While Apple’s mobile payment option, Apple Pay, is widely available across the globe already, there are still places where the service is not available. Which means there’s still room to grow. And today, Apple can mark off yet another market.
Today, ING Belgium announced that it is now offering support for Apple Pay. The banking establishment says it has seen a huge increase in contactless payments recently, which means adopting support for Apple’s mobile payment option makes sense. There are 1.4 million ING Belgium customers eligible to use Apple Pay with their supported card(s).
As mentioned above, there have been a lot of contactless payments made by ING Belgium customers so far in 2021. According to today’s announcement, the bank has seen 51.5 million contactless payments through the first five months of this year. That’s compared to the 21.5 million the establishment saw over the first five months of 2020.
Per today’s announcement, a comment from ING Belgium’s Director of Payments, Amaury Vanthournout:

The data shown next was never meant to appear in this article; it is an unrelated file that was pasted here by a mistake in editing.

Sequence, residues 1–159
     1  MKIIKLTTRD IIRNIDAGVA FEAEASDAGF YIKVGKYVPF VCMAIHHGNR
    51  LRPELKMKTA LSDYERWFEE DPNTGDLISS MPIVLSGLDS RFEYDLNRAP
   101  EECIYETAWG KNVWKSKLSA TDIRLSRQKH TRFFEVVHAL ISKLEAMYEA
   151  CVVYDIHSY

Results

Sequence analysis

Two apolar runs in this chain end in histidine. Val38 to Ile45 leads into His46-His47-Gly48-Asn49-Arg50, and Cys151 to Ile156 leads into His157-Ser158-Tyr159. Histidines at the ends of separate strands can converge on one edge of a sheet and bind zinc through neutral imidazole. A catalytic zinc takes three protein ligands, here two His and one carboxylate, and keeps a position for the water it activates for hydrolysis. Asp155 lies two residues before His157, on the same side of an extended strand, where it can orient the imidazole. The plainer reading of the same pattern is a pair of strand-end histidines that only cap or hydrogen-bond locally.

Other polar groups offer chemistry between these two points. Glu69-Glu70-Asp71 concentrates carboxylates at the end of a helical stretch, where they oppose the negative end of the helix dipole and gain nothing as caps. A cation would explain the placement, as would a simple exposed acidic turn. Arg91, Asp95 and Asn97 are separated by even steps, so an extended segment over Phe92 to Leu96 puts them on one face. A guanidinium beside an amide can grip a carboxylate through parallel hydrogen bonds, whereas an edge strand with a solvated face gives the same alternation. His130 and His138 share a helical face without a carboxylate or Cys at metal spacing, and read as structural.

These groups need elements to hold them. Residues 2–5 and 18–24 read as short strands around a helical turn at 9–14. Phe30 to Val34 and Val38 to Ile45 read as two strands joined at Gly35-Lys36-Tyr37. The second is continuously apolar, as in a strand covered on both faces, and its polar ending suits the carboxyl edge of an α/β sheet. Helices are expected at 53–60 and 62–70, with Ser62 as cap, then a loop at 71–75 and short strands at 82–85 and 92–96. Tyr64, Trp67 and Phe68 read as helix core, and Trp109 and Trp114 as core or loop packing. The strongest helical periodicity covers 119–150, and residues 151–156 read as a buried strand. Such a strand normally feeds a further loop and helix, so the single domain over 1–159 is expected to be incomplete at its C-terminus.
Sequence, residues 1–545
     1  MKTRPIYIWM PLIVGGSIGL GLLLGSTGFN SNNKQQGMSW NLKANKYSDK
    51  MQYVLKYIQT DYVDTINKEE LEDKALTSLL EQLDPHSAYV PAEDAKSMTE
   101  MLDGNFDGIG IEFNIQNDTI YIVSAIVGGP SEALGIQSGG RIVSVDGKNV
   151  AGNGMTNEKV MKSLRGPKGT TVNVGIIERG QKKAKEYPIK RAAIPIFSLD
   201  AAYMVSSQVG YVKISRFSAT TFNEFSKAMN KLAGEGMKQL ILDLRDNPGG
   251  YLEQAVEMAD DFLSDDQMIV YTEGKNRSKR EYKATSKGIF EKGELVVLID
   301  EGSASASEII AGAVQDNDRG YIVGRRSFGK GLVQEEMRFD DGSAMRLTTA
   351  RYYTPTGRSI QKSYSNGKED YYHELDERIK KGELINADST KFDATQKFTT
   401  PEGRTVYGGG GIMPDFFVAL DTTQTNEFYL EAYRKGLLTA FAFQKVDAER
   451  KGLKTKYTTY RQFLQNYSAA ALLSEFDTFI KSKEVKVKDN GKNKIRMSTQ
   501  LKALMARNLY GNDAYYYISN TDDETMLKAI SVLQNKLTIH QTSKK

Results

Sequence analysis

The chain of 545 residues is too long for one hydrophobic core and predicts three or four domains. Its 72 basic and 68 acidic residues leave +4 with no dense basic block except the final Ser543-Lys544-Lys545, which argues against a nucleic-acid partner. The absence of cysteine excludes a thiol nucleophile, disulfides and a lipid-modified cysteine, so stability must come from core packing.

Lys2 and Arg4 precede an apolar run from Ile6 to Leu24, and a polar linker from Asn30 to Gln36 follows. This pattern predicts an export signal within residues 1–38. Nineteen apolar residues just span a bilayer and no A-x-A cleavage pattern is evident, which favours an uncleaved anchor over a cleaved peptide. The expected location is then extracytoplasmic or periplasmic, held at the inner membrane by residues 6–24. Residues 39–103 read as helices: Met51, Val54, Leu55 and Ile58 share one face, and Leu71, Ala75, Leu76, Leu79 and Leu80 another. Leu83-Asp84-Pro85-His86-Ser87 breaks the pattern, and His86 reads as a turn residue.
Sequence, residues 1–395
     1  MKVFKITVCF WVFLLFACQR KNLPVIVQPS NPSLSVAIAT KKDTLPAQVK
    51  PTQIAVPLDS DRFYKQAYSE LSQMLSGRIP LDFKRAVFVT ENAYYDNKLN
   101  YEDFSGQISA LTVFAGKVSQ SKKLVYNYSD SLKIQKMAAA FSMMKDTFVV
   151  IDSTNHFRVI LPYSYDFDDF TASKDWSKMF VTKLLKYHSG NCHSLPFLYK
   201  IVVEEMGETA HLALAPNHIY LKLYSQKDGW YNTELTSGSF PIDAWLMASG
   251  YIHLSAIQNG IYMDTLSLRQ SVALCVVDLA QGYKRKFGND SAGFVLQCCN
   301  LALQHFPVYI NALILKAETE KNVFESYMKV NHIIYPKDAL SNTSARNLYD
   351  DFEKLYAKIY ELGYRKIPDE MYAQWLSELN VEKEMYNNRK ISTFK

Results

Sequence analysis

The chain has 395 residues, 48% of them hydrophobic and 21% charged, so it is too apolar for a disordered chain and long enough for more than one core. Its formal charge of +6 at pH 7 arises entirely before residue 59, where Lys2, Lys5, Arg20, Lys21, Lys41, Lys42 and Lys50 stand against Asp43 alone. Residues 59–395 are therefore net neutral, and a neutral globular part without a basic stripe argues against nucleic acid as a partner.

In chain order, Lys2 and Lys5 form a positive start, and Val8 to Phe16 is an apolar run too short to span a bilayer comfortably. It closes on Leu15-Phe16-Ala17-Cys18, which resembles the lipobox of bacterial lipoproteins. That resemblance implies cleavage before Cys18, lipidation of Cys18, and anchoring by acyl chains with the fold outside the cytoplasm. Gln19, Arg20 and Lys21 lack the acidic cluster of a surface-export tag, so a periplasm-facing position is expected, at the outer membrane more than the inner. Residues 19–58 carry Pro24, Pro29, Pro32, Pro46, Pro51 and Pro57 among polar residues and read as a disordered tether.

We’re constantly looking for new ways to help our customers manage their money even easier, and Apple Pay is a great fit. We’ve seen a major behavioural shift among our customers as a result of the pandemic, many of whom have become hesitant to use cash. Half of all payments are now contactless, a steep rise from 13% a year ago. By introducing Apple Pay in the ING Banking app, we are seizing the momentum by offering our customers a new payment method that offers incredible ease of use in shops, online and on the go.
With Apple Pay support now available for ING Belgium customers, this means they can use their iPhone, Apple Watch, iPad, and/or Mac to make mobile payments.
This is an extension of Apple Pay support by ING in general. The banking establishment already supports the mobile payment option in regions like the Netherlands, Romania, Spain, Australia, Germany, France, and Italy. It’s been a bit of a wait for customers in Belgium, though, despite the fact Apple Pay actually launched in the region way back in 2018.
Better late than never, though, right?